We all know there are abuses of power and of legal frameworks in the Cannabis industry. Many good people want to know what they can do about such abuses. Since I’m a patent attorney, I usually focus on people’s concerns about abuses within the patent system and how they affect the industry and the “Small Cannabis” community.
Patents can be focused, broad, or overbroad/abusive. I see people discussing Cannabis patents that, with good intentions and abundant energy, misinterpret relatively focused patents as being overbroad. These situations get earnest people upset and misdirect their energies and attention away from the real problem patents. Related to this, I get frequent questions about what someone can do to attack an overbroad patent. I have plenty to say about that, so hang with me. I think this will be worth your time.
First, Some Definitions
Focused/narrow patent – covers subject matter that was clearly originated by the patent applicant, doesn’t make any real attempt to go beyond that.
Broad but legitimate patent – covers, at its core, something that was legitimately invented by the applicant. Also covers some logical outgrowths of the core invention but doesn’t cover what is already in the public domain.
Overbroad patent – covers subject matter that was already in the public domainprior to the patent’s filing date.
Some people will want to debate whether all broad patents are abuses, and will argue that anything beyond a focused patent is worthy of attack. Some of those people are even law professors. So if you feel this way you’re in good company. But that’s not today’s topic, so I’m going to direct this discussion to overbroad patents, how to recognize them, and what to do about them.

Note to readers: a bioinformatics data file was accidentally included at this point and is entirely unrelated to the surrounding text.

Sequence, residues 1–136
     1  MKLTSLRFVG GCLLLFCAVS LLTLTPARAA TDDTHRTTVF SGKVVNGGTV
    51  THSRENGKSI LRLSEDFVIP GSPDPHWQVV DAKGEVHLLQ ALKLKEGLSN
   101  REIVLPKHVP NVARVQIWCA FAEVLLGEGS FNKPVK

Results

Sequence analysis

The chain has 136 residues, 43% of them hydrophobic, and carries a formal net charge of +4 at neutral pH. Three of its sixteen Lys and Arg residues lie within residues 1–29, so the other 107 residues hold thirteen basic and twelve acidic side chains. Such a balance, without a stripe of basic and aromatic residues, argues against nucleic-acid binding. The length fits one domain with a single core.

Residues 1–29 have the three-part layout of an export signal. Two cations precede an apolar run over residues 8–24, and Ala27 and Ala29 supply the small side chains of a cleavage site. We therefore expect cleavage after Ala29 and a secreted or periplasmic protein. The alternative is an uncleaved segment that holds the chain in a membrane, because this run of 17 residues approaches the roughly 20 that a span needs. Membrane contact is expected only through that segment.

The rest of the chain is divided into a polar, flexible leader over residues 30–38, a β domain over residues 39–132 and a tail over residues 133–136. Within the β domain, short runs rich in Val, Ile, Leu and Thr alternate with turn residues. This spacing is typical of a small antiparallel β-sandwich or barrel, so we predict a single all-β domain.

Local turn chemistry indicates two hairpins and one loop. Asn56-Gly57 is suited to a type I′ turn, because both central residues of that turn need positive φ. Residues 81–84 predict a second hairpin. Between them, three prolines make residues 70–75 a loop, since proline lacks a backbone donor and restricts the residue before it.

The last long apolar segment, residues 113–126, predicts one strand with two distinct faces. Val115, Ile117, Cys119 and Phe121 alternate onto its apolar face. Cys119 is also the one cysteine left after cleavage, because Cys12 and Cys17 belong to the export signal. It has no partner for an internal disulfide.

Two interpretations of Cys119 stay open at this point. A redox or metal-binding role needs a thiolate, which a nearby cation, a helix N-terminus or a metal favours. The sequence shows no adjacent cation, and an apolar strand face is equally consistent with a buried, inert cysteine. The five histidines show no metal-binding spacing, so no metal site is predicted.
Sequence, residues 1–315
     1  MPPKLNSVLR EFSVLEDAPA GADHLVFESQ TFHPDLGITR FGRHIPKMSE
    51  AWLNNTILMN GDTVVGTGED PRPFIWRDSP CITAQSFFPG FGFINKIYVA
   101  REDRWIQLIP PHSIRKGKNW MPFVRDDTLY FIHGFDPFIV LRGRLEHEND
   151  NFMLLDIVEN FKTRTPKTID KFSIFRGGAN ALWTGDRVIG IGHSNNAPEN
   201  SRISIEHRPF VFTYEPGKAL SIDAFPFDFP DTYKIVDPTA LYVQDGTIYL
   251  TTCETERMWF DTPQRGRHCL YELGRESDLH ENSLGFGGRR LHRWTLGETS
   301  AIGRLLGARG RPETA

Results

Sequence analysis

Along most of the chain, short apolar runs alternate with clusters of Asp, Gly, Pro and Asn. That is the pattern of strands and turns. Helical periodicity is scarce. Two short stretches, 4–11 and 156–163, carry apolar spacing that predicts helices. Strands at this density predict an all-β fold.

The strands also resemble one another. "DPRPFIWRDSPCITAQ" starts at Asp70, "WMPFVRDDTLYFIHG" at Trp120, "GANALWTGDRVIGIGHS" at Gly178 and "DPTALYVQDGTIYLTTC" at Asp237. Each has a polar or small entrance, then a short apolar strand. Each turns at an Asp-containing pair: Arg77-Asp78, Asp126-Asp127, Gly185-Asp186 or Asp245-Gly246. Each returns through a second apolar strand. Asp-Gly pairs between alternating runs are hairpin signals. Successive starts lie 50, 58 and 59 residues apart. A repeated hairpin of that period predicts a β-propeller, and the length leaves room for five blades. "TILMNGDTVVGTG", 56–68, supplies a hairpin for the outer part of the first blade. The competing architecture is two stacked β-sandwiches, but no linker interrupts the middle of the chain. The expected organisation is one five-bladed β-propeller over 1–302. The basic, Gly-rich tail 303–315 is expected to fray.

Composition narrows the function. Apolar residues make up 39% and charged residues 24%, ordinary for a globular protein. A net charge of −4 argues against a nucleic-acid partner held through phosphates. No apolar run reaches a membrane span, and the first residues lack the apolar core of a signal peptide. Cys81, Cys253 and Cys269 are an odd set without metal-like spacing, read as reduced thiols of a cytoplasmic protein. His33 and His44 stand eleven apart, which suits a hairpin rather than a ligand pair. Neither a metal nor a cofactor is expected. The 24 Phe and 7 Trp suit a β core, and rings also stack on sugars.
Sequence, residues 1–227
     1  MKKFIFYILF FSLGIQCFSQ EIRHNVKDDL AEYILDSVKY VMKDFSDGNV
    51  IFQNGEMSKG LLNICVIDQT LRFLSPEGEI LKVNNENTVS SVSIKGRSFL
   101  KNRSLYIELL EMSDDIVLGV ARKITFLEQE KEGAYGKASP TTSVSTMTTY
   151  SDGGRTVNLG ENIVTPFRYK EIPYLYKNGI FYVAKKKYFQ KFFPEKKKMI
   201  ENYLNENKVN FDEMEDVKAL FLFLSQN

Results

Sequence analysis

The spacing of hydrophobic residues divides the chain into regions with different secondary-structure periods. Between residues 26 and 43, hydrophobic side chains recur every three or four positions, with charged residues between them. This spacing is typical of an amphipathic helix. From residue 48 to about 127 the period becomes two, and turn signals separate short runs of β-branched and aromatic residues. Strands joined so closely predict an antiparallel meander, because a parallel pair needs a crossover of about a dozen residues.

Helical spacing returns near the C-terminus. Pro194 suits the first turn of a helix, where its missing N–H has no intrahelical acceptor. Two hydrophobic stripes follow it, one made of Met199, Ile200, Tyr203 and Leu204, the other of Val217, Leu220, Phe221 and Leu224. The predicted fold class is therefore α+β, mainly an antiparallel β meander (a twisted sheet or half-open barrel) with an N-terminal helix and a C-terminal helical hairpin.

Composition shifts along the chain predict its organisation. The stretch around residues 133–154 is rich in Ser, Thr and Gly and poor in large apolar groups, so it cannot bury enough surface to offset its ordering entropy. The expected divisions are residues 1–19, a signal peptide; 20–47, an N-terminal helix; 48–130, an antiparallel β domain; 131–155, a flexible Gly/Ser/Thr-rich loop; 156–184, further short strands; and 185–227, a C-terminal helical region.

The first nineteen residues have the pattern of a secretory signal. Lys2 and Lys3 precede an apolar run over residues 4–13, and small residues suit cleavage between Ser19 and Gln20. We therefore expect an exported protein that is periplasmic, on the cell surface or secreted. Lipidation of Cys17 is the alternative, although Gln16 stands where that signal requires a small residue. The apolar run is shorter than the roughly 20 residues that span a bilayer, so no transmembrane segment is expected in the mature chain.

I also don’t want to get bogged down in, or have this blog dismissed as, an attack on any particular overbroad patent. This blog may well give you some tools to do that, but I want to be more general and widely applicable.
It’s All About the Claims
The first thing you need to know, to understand a patent or patent application you’re looking at, is that the claims are where the action is. If you scroll to the end of the part of the document that contains text, you will see one or more numbered, probably long, “sentences” that are usually written very oddly. Those are the claims. A patent claim is a verbal definition of the invention and, if you’re looking at an issued patent, the claims are a verbal description of the patent owner’s right to exclude.
Think of a claim as a word-fence around the invention. If you’re inside the fenced area (i.e., if your product or method meets each and every feature recited in the claim), you infringe the claim. You are trespassing on the property of the patent owner. But if there is even one thing the claim recites that your product or method clearly doesn’t have, then you are outside the fence and you don’t infringe the claim. You are not trespassing; good job! To read more about patents as fences, click here.
One other thing about patent fences: if a patent fence encloses something that was previously in the public domain, the fence is in the wrong place and needs to come down. In other words, if a patent claim “reads on” something that already existed before the inventor’s alleged invention, the claimed invention isn’t new and therefore isn’t valid. Some patent fences, intentionally or accidentally, reach out to cover things that pre-existed the patent. They are invalid, and the intentional ones are outright abuses of the system.
Knowing What You’re Looking At
So now you know where to find the claims and what they are. Next let’s figure out whether you are looking at a published application or an issued patent. And if it’s an issued patent, let’s determine whether it is a plant patent or a utility patent. That is a very important difference.
Check the numbers on the first page of the document, near the top. If the number starts with what looks like a four digit year, followed by some more digits, you are looking at a patent application. If the number is four or five digits and is preceded by “PP” you are looking at a plant patent. If the number is either 7 or 8 digits, you’re looking at an issued utility patent. (This is all in reference to US patents and applications. The numbering system can vary from country-to-country.)
Now that you know what you’re looking at, let’s discuss whether it is worth getting upset about it.